All eyes on AI investment, ad market growth as meta is disappointing.

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Alphabet ( GOOG , GOOGL ) is set to release quarterly earnings after the bell on Thursday, continuing a big week for U.S. tech giants to emerge from a punishing run on Wall Street. The company is expected to provide updates on the race to transform large-scale AI investments into new revenue streams and the state of the large-scale digital advertising market.

Alphabet's report comes a day after its ad rival and big tech peer META ( META ) issued a disappointing Q2 forecast that said spending was rising for the year and that AI investments were driving significant revenue. It will take some time to get. Metastock fell as much as 14 percent after the results.

Wall Street's reaction underscored the high expectations investors reserve for tech giants and signaled that Google will also be closely scrutinized for any missteps.

Here's what Wall Street expects for some of Alphabet's most important metrics in the company's fiscal first quarter, according to Bloomberg data:

  • Revenue, excluding traffic acquisition costs: $66.07 billion expected ($58.07 billion in Q1 2023)

  • Adjusted earnings per share: Expected $1.53 ($1.17 in Q1 2023)

  • Cloud revenue: $9.37 billion expected ($7.45 billion in Q1 2023)

  • Ad revenue: $60.18 billion expected ($54.55 billion in Q1 2023)

Heading into earnings season, Alphabet is right in the middle when it comes to ranking the performance of the “Magnificent Seven” stocks, which are up 15% so far this year — Apple ( AAPL ) and Tesla ( TSLA , well ahead of losses but below META's ( META ) and Nvidia's ( NVDA ) sharp percentage gains.

But even tech's winners are under pressure.

Many of the market's biggest names are just coming back from mid-month losing streaks. Worried investors heeded warnings that the Fed could keep interest rates high for several more months and perhaps the rest of the year.

Chilling sentiment on Wall Street raises the stakes for technical earnings this week and next. Strong corporate updates could further insulate the tech giants from broader interest rate concerns, giving the market another reason to reignite the equity rally. But an underperformance by Silicon Valley could add to the uncertainty. And with these high-flying companies, even a good showing against a standard of near-perfection may not be enough.

Analysts expect Alphabet's revenue to grow more than 13% from the same period last year, following a strong performance last quarter and outpacing the single-digit growth that defined most of 2023.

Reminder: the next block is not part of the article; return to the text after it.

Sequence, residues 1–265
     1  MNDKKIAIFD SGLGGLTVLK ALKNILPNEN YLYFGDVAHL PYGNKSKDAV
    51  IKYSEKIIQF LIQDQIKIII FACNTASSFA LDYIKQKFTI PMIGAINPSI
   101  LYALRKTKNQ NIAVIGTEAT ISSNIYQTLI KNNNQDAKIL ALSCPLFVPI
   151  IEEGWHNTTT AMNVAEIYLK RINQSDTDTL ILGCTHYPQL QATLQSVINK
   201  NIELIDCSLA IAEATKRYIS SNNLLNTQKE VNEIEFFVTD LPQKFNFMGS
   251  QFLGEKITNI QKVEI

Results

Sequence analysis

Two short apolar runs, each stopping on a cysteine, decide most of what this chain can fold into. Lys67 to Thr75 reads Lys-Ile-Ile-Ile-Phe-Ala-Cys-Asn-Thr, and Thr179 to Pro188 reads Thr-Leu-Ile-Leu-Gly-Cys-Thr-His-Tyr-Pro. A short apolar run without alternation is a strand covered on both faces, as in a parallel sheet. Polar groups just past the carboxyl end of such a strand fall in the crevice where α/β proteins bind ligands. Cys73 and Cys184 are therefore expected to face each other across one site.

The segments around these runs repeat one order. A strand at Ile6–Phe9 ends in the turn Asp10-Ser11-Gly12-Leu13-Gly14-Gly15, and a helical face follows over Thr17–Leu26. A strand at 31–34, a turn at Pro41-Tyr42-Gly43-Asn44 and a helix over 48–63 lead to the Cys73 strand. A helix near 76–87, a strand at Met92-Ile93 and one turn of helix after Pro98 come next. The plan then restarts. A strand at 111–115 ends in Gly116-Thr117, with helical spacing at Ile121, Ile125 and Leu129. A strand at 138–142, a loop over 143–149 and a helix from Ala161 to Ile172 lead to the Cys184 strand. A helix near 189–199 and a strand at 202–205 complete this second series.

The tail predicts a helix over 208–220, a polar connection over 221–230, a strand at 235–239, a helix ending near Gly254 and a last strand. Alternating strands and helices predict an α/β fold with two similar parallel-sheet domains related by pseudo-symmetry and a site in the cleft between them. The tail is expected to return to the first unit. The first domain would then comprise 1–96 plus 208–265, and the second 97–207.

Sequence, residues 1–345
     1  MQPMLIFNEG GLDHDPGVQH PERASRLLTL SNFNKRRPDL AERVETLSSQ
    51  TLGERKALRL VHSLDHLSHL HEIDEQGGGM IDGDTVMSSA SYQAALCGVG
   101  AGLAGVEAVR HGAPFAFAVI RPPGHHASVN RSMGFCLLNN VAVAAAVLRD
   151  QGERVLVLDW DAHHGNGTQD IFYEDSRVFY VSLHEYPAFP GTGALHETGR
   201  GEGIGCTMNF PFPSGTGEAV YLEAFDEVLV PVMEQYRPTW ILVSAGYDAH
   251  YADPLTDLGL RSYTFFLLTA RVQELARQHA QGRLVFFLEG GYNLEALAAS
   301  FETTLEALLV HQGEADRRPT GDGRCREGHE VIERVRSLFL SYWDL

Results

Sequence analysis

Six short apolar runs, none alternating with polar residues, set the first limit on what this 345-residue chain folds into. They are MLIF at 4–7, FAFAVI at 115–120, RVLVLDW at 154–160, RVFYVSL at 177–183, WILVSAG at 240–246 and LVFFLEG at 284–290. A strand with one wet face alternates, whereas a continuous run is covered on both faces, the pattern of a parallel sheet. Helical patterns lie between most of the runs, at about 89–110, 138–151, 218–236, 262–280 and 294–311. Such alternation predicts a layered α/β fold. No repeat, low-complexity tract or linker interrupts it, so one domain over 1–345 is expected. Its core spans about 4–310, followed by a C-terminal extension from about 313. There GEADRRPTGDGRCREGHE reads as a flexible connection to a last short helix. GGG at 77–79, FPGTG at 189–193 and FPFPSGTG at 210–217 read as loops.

Google has made many efforts to enhance its search tools with AI and offer new, advanced language models like Gemini. Analysts will be looking to investigate the company's progress on AI integration and better read the costs of developing the latest AI technologies. Capital expenditures are expected to exceed $10 billion for the quarter.

Last year, Google was seen largely playing catch-up to Microsoft ( MSFT ) , which was the first in the tech world to tap into the cultural excitement around consumer AI chatbots. Microsoft invested in OpenAI, the company behind the popular ChatGPT.

Another key issue for Google, a digital advertising juggernaut, is how the development of its AI tools will affect search ad revenue. Google is already adding new AI tools to its legacy search infrastructure. But in the long term, chatbots and other consumer AI tools threaten to disrupt how people get information from the web. For Google, in particular, the challenges posed by AI development and adoption are a major concern for some analysts.

The company is also expected to expand its cloud business, which is an increasingly important segment for investors due to its use in the development of artificial intelligence. Wall Street projects Google Cloud revenue to register more than $9 billion, up nearly 26 percent from a year ago. Google is working to claim additional cloud market share, where it currently ranks third behind rivals Amazon ( AMZN ) and Microsoft.

Alphabet's report comes during a tumultuous moment for the company.

Last week, CEO Sundar Pichai announced a reorganization of its AI teams to simplify the company's makeup and improve efficiency. That same day, Google fired 28 employees who were involved in protests against plans to provide AI and cloud services to the Israeli government and military. More staff have since been fired.

In Pichai's note to employees announcing the structural changes, he pointed to protest activity, saying, “This is a business, and not a place to work in a way that disrupts co-workers.”

Hamza Shaban is a Yahoo Finance reporter covering markets and the economy. Follow Hamza on Twitter. @hshaban.

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